Sent Home From Work Without Pay For Not Wearing Heels

Publish Date
Friday, 13 May 2016, 9:39AM

An actress claims she was sent home on her first day at a receptionist job in London without being paid - all because she refused to wear high heels.

Nicola Thorp, who has appeared in Doctor Who, says that when she arrived at work in flat shoes she was told that she could only come to work wearing two to four inch high heels.

When Thorp complained about being discriminated against, she claims she was "laughed at" by a manager. The actress also claims she was officially sent home after she refused to go out and buy a pair of heels.

In response to the incident, Thorp launched a petition.

"When I arrived on site, I was turned away from work because I was not wearing high heels," she said.

"I expressed my confusion as to why, and they explained that flat shoes are not part of their dress code for women.

"The supervisor told me that I would be sent home without pay unless I went to the shop and bought a pair of two to four inch heels. I refused and was sent home."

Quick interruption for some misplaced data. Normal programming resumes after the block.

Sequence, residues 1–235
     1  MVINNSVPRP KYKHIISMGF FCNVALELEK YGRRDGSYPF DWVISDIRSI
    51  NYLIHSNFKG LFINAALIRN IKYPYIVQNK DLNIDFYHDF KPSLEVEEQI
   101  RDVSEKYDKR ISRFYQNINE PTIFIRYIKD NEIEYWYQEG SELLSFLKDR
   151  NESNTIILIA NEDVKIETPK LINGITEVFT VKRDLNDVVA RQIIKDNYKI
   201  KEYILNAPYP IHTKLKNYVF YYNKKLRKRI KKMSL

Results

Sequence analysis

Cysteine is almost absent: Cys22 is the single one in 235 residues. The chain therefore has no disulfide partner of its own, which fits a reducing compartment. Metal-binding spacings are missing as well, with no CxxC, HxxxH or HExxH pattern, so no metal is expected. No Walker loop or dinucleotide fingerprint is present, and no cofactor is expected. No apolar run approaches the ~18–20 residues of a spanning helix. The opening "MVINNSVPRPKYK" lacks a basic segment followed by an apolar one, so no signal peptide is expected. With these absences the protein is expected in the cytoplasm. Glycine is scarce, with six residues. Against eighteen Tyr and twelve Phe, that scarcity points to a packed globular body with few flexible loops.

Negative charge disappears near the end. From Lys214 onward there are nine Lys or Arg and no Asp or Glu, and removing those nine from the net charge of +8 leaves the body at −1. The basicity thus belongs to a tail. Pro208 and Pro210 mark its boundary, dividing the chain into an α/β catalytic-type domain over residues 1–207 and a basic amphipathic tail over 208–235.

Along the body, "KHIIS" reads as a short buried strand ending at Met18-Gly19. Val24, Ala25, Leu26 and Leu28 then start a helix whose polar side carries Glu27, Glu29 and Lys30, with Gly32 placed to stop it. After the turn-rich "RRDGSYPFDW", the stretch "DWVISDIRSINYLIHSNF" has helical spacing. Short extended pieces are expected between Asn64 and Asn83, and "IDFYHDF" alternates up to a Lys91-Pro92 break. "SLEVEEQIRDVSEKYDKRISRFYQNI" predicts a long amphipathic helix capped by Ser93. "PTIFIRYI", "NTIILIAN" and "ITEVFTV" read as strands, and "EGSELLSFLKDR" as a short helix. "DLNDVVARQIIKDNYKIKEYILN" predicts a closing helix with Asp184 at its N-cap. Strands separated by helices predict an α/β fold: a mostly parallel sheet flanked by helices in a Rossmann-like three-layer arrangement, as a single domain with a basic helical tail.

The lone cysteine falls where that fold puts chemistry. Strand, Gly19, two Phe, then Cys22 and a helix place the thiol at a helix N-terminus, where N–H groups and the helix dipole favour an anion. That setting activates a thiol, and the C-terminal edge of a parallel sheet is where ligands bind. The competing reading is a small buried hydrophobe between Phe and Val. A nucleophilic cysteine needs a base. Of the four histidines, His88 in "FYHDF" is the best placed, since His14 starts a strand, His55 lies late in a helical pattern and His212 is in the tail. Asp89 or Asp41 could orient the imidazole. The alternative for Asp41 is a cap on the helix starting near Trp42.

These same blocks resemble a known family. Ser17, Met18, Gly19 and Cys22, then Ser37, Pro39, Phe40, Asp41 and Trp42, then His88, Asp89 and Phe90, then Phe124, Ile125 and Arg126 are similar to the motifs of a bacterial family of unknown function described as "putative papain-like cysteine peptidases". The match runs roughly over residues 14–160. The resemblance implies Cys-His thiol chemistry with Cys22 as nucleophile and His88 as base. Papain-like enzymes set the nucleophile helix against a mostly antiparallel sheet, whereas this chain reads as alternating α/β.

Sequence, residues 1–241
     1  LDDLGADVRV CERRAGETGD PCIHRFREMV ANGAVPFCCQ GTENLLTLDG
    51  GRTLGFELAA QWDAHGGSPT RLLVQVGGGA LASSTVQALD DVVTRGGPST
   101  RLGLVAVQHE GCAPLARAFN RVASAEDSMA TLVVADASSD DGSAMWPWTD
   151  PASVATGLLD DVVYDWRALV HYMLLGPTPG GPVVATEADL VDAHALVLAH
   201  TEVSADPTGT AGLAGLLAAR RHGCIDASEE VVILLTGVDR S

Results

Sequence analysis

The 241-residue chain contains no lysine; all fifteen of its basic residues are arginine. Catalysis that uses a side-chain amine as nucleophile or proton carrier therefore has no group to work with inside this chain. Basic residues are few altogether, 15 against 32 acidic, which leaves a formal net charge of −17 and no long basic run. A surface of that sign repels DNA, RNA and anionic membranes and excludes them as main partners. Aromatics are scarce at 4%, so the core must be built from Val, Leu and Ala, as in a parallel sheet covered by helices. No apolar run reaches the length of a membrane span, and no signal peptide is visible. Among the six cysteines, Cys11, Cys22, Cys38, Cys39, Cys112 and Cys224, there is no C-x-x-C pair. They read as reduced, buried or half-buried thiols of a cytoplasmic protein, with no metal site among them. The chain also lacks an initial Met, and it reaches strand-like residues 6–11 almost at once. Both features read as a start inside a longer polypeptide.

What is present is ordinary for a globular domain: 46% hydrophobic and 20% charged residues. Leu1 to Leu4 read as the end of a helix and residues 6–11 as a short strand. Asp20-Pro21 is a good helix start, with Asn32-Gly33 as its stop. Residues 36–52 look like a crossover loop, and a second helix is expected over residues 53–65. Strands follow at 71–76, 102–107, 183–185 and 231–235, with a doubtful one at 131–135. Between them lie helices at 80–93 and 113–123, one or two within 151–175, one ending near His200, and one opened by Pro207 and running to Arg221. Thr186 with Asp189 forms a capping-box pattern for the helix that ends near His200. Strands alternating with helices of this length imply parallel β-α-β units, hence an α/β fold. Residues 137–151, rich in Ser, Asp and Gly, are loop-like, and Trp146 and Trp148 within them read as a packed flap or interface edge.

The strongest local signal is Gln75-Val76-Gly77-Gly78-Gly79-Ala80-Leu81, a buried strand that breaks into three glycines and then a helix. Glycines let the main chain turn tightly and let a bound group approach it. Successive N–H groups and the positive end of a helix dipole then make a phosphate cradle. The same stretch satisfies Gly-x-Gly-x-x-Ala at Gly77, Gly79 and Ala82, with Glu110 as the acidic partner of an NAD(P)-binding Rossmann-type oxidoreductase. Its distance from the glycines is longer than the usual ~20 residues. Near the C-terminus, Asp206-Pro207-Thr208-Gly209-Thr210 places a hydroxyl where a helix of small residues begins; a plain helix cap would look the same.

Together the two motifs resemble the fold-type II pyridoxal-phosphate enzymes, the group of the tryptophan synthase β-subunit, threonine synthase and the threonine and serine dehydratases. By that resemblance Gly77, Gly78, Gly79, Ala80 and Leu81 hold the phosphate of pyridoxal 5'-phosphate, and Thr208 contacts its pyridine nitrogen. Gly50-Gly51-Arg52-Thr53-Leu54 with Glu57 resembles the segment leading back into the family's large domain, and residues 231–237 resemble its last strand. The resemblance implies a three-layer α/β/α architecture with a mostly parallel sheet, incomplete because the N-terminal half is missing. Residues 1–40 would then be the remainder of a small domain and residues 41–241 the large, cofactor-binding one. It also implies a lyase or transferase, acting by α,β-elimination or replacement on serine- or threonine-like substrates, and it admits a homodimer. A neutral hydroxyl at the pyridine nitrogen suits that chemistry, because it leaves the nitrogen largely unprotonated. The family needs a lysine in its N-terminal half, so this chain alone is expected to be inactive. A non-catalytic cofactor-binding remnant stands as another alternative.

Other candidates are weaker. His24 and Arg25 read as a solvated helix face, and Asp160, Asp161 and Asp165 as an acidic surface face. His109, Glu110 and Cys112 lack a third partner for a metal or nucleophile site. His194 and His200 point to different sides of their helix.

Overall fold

After the incident, it is understood Thorp called an employment rights helpline for advice, but was told that bosses have the right to enforce a formal dress code in the workplace.

Thorp then launched an online petition to try to make it illegal for companies to force women to wear high heels to work.

"I started this petition because I was outraged that in 2016, employers still have the right to make women wear heels against their will in the workplace," she said.

"A woman deserves the choice to wear smart heels or smart flats, whichever is more comfortable or practical for work."

However after posting it on the "I'm a Promo Ho" Facebook group - a page for "resting actors, models and dancers" - her petition received mixed reviews.

Most women were supportive but several men slammed the actress for complaining about an insignificant "gripe".

"As a male I resent having to wear a suit on hot days! Where is the 'go to business meetings in a T-shirt and be taken seriously' petition??" one commenter said.

"If the job description requires high heels because the manager or owner is after a certain 'look' and you don't want to wear high heels don't take the f****** job you whinge bags," another added.

However, the petition was heard.

Simon Pratt, the managing director of the Portico employment agency, said Wednesday night the firm had changed its policy to allow workers to wear flat shoes if they prefer.

Thorp's petition had attracted more than 54,000 signatures before the company's policy was changed.